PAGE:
The Monday before Halloween, as well as the Monday before the release of the Beasts of Burden/Hellboy one-shot (Set for release this Wednesday from Dark Horse), was the ideal time for an interview with writer/artist Jill Thompson. October has been busy for Dark Horse and Thompson, given that earlier in the month the publisher released the new hardcover Scary Godmother collection of the four “Eisner Award-winning, fully painted children’s books … (Scary Godmother, Revenge of Jimmy, The Mystery Date, and The Boo Flu)”. The prospect of new Scary Godmother was a great topic to cover with Thompson, as well as learning her thoughts on how she creates certain tales and how organic the creative process is for her. Thanks to Dark Horse’s Jim Gibbons for arranging this interview, and I offer a great deal of gratitude to Thompson for this discussion.
Tim O’Shea: How satisfying is it to have all of the fully-painted Scary Godmother stories repackaged into one book? You considered teaming with different publishers to collect the stories, but what factors motivated you to go with Dark Horse?
Jill Thompson: Well, the original books, published by Sirius Entertainment had been out of print for a long while and I was very anxious to find a way to get them back out to the reading public. Since there are two animated specials in seasonal rotation on the Cartoon Network I knew there were a great many new fans I could introduce or reintroduce to the original material. I’m so happy that the book is back in print and available at comic shops and bookstores and online.
The first-ever C2E2 — Chicago Comic & Entertainment Expo — is all but over, and no doubt Brigid and Michael will have more to say about the whole experience here soon. For now, here’s a roundup of news and info coming out of various panels from today, to go with our roundups from Friday and Saturday.
- The X-Men vs. vampires storyline, whose teaser last week set off Ultimate Avengers writer Mark Millar, will run in a relaunched adjective-less X-Men title by novelist Victor Gischler and artist Paco Medina. Gischler, who fans know from his work on Punisher and Deadpool for Marvel, is no stranger to vampires, having written the novel Vampire a Go Go. “It’s going to be a nice fresh look at vampires,” Gischler told Marvel.com about his first story arc in the new title. “I think people are going to be pretty impressed.” The series begins in July.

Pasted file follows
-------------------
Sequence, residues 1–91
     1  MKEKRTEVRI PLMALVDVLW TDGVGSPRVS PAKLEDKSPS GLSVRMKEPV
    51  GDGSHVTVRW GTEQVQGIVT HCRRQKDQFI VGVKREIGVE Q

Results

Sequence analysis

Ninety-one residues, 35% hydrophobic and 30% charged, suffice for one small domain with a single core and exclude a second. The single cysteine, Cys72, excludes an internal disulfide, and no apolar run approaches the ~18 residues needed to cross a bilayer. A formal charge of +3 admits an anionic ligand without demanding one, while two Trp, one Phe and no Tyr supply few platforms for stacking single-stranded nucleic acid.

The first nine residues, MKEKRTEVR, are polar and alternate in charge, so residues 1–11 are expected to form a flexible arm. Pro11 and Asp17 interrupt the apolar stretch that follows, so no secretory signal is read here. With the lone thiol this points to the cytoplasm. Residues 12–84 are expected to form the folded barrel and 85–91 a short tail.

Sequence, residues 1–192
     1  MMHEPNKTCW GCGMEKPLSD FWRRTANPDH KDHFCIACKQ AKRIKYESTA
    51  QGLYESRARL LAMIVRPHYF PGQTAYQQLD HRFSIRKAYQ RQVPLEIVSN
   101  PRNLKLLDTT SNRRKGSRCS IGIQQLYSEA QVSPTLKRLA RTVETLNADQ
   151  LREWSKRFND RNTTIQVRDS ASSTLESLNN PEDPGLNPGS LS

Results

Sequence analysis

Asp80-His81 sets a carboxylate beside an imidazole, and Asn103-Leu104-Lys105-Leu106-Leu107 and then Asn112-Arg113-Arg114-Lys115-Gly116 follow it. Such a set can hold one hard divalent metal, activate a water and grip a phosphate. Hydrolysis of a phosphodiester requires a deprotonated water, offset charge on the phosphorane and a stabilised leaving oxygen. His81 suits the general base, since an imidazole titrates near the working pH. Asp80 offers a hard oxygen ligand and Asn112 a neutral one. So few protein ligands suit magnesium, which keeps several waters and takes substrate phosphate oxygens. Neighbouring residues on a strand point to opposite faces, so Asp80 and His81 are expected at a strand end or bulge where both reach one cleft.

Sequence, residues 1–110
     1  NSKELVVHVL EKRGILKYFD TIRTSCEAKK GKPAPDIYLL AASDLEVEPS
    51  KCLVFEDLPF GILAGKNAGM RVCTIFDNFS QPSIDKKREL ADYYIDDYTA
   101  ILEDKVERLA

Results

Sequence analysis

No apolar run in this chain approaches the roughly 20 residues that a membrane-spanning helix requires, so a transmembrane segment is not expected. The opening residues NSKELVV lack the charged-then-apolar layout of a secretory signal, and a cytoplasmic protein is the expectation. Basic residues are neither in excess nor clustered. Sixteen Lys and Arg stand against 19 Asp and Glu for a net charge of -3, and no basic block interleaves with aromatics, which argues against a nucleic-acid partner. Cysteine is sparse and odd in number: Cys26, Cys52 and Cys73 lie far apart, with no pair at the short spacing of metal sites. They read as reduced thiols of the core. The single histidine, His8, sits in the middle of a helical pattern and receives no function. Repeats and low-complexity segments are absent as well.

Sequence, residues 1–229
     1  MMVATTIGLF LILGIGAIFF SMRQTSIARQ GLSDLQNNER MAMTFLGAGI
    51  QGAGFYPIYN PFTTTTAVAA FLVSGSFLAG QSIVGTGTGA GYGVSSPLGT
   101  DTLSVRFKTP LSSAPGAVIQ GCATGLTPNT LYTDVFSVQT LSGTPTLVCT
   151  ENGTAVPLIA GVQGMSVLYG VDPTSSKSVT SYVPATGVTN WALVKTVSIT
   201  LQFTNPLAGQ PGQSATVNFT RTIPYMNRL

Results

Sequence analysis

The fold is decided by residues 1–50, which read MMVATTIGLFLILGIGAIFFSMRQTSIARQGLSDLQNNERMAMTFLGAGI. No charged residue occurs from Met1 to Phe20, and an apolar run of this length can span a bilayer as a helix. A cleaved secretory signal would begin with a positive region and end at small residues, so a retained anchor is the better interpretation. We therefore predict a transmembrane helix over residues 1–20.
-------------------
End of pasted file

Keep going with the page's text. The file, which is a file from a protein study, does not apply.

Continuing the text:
- September brings another new X-title, as X-23 gets her own solo series written by Marjorie Liu, who wrote the recent X-23 one-shot. “X-23 is a loner at heart, but she’s been forced into a team setting for quite some time now,” Liu told Comic Book Resources. “A pack, if you will. And those conflicting instincts to be alone – and with others – will continue to tug at her. So yes, there will be a rotating supporting cast – a couple of former X-Men who, against their better judgment, will try to mentor Laura. Or at least, be there for her when she needs mentoring. That won’t be without conflict, though – physical and emotional.”
- Wolverine: Weapon X will be replaced by a new Wolverine title by Jason Aaron and Renato Guedes, with covers by Jae Lee. In it, Wolverine goes to Hell. “His soul goes to Hell, and we’re going to see what happens when he’s not around to be in control of his own body,” said editor Jenine Schaefer. The first issue ships in September. Meanwhile, the former Wolverine title, now called Dark Wolverine, will get another title change, as it becomes Daken: Dark Wolverine in September. Liu, Daniel Way and Giuseppe Camuncoli will remain as the creative team.